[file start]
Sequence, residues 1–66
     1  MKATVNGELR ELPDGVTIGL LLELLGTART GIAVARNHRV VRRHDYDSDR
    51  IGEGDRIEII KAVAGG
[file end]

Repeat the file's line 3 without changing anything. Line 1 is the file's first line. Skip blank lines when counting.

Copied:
    51  IGEGDRIEII KAVAGG